Secondary Education Math Teacher
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Peace Corps Secondary Education Math Teachers work in rural Tanzanian villages and teach beginning Algebra through advanced Calculus to students aged 12-20. Volunteers prepare lesson plans using a variety of teaching methods and syllabus developed by the Ministry of Education. To connect classroom concepts to real-world situations, Volunteers also organize experiential learning activities like field trips and guest speakers. Volunteers might be asked to teach additional subjects as needed, subject to their familiarity and background. As part of their work to build capacity, Volunteers are encouraged to develop professional relationships with Tanzanian teachers and organize communities of practice, or spaces to share best teaching practices. In addition to teaching students and working with teachers, Volunteers engage community members to increase their involvement in student learning. This may be done by organizing events like math competitions or science fairs and training community members on gender-equitable techniques that enable access to learning.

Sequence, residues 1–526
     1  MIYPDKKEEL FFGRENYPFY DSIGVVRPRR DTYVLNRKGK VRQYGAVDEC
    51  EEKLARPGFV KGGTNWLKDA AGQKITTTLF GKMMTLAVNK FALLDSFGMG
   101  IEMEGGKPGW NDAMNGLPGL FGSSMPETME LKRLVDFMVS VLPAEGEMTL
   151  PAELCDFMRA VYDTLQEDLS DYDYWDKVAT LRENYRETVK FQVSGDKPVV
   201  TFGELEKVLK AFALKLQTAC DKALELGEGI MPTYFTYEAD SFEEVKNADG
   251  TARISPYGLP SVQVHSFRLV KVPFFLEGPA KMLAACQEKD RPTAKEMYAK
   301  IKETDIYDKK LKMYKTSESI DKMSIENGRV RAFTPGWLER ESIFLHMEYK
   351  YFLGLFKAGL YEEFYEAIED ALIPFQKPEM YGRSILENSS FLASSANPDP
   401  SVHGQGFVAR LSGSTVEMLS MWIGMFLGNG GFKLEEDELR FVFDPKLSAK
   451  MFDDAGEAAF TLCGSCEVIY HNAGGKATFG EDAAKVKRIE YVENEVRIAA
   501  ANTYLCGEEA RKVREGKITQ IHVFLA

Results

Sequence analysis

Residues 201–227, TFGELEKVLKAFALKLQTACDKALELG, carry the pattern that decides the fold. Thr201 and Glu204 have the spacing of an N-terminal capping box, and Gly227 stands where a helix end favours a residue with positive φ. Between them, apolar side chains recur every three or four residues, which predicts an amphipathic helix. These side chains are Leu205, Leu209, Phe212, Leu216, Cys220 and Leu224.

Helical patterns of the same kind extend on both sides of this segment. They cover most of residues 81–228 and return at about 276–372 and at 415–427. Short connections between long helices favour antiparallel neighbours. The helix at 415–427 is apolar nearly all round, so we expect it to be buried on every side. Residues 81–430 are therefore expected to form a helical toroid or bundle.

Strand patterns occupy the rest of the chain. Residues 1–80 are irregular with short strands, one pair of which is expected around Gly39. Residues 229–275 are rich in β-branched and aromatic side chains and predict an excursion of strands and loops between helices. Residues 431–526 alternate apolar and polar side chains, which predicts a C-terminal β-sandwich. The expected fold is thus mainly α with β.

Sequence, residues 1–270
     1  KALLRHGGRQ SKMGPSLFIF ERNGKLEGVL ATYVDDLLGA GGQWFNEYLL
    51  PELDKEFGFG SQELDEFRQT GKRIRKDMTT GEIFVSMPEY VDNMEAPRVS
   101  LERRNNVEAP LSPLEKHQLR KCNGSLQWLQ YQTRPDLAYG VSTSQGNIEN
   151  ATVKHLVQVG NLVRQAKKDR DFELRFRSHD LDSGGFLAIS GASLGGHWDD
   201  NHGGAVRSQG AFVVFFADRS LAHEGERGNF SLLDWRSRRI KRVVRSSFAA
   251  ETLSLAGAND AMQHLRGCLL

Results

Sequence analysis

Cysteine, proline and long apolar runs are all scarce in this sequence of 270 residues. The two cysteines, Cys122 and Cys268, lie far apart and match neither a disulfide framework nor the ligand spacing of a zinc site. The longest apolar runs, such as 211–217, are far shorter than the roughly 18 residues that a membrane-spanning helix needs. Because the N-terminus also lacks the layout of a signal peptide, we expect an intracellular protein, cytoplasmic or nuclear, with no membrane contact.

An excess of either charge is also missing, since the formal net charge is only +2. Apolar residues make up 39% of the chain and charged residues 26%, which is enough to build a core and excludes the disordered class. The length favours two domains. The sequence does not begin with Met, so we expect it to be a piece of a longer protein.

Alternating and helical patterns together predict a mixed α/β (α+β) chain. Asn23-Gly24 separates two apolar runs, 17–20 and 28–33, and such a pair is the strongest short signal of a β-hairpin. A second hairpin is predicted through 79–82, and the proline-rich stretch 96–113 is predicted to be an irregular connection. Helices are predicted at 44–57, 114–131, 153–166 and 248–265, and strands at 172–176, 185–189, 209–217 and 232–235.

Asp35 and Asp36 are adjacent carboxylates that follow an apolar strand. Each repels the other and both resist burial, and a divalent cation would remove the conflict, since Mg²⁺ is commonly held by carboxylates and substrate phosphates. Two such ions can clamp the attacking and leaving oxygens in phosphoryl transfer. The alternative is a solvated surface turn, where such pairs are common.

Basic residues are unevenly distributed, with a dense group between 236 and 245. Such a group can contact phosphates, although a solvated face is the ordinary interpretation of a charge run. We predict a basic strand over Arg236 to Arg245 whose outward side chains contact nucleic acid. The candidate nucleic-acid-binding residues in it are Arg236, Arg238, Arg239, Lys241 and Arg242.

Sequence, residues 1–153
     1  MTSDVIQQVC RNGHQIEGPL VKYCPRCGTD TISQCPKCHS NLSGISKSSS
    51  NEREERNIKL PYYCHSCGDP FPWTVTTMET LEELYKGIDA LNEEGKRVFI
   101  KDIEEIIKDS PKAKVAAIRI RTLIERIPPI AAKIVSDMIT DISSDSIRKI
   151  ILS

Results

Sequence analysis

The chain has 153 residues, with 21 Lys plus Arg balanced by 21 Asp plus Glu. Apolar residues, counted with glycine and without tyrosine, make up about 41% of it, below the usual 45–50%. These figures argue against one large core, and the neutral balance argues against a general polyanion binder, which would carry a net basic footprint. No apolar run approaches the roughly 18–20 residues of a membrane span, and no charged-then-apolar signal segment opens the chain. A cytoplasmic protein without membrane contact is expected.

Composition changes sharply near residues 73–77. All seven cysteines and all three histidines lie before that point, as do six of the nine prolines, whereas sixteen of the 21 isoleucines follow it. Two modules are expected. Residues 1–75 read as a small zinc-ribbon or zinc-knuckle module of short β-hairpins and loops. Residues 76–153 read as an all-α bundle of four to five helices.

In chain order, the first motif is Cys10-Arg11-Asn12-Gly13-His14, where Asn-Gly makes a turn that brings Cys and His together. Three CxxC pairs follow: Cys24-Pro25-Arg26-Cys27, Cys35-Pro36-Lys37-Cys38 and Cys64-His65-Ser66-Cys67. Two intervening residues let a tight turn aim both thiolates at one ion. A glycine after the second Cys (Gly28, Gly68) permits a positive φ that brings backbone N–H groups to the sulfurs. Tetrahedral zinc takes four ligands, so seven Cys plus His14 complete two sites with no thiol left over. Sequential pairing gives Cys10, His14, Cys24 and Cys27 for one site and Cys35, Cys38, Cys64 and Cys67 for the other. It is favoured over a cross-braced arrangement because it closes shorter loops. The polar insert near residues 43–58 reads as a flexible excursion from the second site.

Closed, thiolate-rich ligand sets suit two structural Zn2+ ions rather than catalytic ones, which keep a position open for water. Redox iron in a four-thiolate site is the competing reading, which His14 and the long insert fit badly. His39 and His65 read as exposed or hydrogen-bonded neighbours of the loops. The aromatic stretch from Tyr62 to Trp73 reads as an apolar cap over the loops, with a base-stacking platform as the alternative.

Volunteers can expect to encounter large class sizes (50+) and limited resources. The main teaching materials will probably be a blackboard and chalk, though some schools may be better equipped. In Tanzania, schools use a centralized curriculum provided by the Ministry of Education. Most of the teaching resources are available locally. Peace Corps provides Volunteers basic resources to use in their teaching, as well.
On average, Volunteers teach 11-16 hours per week. Along with classroom teaching, many are involved with school clubs, sports, youth conferences, and other extracurricular activities. Volunteers will integrate Peace Corps Tanzania's cross-sectoral program priorities into their teaching and community development: HIV/AIDS, Malaria, Gender, Food Security, and Technology. Volunteers also have the opportunity to serve on a variety of Peace Corps committees that support the country program.
Peace Corps Tanzania promotes gender awareness and girls’ education and empowerment. You will receive training on gender challenges and you will have the opportunity to implement gender-related activities that are contextually appropriate. During your service, you will look for ways to work with community members to promote gender-equitable norms and increase girls’ sense of agency. As part of your work, you will also report on these efforts.
Corporal punishment is legal and a common way teachers discipline their students. While the government has regulations regarding permissible forms of corporal punishment, these rules are not always followed or enforced at the local level. Volunteers will most likely encounter corporal punishment, which may or may not adhere to the legal restrictions. Many Volunteers find this aspect of life very challenging, particularly when it is necessary to develop good working relationships with colleagues. Peace Corps Tanzania has implemented a Student Friendly Schools program to address these issues, open a dialogue between Volunteers and their colleagues, and to explore culturally appropriate and acceptable alternatives to corporal punishment.